And if you have a little brother, you might find yourself compelled by those big brown eyes to watch it, despite your better judgement. #askhowIknow
In all honesty, though, is RvB really that bad? Well…it has some content “not for mothers-in-law“, but it also has a lot of powerful, heart-moving themes.
You gotta decide if you’re up to getting there.
This might sound weird, but RvB is a Halo-based Machinima where two teams of soldiers camp on opposite sides of a valley in color-coordinated teams (yes…Red and Blue). It streams free on YouTube (in five-minute episodes organized into seasons), but is also available in DVD format.
I gather that early on, it was basically an excuse for cheap skits and foul-mouthed jokes while these pathetic losers tried unsuccessfully to kill each other.
But I wasn’t brought in until Season 6…when they actually start telling a cohesive story.
What is that story?
Well, I can just skip the part with the lame jokes and jump to the plot-part, right?
Um…It might help if you had a younger brother who’d obsessively watched it already who can hover at your shoulder and explain who everyone is, and which lines or actions are referring back to the early seasons.
The best part is probably the characters. (Okay, strictly speaking, the best part is Caboose.)
Blake Snyder says you have to differentiate your characters – so give everyone “a hook and an eyepatch”…i.e. give them a distinguishing characteristic.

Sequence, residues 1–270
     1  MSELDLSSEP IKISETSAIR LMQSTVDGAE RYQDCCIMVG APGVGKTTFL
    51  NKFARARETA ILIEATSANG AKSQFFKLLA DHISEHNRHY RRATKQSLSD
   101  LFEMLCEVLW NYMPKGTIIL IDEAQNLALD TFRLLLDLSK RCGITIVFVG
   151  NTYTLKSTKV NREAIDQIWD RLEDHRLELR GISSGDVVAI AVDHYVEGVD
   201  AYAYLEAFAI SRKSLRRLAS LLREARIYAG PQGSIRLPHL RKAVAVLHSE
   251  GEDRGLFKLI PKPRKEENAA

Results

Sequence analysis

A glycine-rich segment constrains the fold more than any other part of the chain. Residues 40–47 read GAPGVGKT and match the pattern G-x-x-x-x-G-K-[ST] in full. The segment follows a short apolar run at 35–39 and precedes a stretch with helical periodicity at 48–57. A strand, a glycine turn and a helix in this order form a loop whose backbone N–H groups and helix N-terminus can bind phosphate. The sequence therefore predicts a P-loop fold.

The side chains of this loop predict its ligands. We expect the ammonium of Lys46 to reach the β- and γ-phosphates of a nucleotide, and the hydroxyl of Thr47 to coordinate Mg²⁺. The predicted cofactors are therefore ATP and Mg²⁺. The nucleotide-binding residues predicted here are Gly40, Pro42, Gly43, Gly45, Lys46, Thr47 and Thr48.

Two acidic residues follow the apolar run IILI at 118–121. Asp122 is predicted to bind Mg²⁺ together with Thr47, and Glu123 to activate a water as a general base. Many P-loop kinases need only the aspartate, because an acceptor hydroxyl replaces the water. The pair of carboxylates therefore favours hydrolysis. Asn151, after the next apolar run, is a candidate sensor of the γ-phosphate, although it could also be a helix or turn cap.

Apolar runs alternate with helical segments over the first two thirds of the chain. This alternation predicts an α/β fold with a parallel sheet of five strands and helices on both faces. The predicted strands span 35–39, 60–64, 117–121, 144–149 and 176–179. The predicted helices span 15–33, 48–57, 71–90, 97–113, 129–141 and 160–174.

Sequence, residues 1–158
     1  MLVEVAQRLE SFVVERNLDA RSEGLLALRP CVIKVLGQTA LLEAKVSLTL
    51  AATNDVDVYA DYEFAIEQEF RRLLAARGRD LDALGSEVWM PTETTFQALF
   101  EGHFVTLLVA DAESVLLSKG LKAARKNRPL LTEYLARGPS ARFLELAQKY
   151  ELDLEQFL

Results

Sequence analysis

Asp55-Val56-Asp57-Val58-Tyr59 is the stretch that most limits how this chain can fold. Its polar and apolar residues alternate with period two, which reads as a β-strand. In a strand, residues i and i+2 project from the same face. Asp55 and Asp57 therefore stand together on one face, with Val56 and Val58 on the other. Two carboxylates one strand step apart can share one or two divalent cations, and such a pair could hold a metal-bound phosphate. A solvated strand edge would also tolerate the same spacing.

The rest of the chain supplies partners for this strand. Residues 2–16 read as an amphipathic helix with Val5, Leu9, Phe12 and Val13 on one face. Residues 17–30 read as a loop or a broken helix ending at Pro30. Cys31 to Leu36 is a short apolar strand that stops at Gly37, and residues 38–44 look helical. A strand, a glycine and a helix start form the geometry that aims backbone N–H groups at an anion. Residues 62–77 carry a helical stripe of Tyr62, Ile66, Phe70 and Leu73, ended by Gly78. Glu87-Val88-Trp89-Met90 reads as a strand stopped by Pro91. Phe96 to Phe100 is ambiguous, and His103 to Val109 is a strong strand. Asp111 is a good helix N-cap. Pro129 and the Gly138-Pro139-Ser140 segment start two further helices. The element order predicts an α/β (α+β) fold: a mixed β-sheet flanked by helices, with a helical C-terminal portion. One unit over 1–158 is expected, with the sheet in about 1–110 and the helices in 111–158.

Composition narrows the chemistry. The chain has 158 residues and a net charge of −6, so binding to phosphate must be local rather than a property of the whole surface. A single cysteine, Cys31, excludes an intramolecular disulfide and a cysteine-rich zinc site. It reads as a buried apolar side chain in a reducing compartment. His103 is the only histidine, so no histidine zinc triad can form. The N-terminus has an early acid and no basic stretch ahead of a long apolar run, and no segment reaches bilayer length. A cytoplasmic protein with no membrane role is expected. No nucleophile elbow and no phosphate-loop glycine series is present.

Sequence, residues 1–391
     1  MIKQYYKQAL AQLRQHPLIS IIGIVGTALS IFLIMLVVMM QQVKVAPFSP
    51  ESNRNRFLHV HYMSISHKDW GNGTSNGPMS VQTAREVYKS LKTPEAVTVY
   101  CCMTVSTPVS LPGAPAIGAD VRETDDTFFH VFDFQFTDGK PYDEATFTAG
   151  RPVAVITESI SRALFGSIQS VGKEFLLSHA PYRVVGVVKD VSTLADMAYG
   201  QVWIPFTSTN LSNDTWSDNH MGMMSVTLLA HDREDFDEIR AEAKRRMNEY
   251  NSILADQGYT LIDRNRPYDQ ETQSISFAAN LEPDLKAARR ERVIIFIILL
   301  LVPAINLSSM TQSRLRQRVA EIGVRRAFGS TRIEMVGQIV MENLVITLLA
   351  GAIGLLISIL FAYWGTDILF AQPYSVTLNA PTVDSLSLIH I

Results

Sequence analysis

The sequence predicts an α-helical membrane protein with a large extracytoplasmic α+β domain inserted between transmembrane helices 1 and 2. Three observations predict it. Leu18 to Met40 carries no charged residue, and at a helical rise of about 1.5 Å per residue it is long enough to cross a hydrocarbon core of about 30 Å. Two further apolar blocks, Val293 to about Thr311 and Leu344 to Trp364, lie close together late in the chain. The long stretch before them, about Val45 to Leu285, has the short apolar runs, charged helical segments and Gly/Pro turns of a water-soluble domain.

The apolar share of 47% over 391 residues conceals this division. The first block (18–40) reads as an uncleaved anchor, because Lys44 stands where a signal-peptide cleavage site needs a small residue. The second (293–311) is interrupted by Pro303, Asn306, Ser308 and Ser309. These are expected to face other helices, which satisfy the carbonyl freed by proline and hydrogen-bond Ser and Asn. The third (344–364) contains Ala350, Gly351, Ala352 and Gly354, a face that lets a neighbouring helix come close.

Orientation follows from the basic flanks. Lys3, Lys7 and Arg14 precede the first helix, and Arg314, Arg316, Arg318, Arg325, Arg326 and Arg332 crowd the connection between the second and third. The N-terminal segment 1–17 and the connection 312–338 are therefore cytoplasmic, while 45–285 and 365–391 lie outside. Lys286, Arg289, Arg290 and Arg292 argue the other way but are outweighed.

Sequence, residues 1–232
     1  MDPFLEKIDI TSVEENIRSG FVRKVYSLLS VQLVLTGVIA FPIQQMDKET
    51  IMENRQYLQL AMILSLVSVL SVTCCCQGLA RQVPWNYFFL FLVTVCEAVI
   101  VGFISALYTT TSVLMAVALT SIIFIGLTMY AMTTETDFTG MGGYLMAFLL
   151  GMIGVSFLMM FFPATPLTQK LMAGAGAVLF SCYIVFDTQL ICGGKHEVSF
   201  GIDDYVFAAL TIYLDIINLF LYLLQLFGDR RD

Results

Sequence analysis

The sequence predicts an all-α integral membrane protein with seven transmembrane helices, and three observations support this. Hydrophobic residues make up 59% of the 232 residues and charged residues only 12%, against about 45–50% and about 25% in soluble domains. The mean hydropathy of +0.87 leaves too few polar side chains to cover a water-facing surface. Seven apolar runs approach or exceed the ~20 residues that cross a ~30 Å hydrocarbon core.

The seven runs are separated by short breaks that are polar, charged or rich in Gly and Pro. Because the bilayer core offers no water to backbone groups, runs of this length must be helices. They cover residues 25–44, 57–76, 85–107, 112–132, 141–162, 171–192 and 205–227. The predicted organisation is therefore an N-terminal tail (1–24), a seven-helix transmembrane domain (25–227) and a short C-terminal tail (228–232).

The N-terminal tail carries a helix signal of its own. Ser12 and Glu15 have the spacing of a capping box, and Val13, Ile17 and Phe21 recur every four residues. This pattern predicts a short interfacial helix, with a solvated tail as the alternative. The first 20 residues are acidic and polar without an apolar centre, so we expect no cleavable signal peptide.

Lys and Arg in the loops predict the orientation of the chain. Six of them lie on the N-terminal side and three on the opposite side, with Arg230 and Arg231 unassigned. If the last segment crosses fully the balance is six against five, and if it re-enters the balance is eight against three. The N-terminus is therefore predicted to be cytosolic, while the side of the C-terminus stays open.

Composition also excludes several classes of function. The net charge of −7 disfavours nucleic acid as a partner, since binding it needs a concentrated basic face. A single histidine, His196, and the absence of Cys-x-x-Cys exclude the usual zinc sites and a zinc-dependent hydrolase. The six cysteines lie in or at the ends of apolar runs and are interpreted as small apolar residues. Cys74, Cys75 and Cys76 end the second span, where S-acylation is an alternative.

This is really hard when your characters are all encased in space armor (e.g. one of them is Red, and another is Maroon).
Some of the voice actors also sound similar, and if you don’t notice whose helmet is moving, how can you tell who’s talking?
Characteristics! And, frankly, the personality quirks and defining catch-phrases are through the roof. At times, all eight+ team members will give a one-line reaction to an event, and you know exactly who’s saying what, even if you didn’t catch the intonation.
And what do small but memorable idiosyncrasies produce? Emotional attachment, of course!
Know what else produces emotional attachment?
Yeah, the Reds and Blues regularly scheme to kill each other, and constantly talk about how much they hate each other. They’re also all pathetic, bottom-percentile soldiers who are mostly interested in coasting along with company-funded supplies and not doing any actual work (or in picking up babes).
But they change. Sometimes it takes them a whole season to do it…but the sad, uninspiring, selfish bleeps we meet in the beginning are something else by the end.
Competent? Well, maybe not that. But heroic?
The Good Parts
Heroism is a good part. Another good part is the fight scenes (especially the good fight scenes; a few are too short to be fully good).
It is also awesome when Sarge makes long, inspiring speeches…because he’s good at that. (And because normally he’s wishing death on his own teammate and grumbling pompously.)
The humor might have made me snicker, but I won’t admit it.
The plotting is excellent – with set-ups and pay-offs perfectly balanced. Tension ratchets just like it should, with characters you love in serious danger.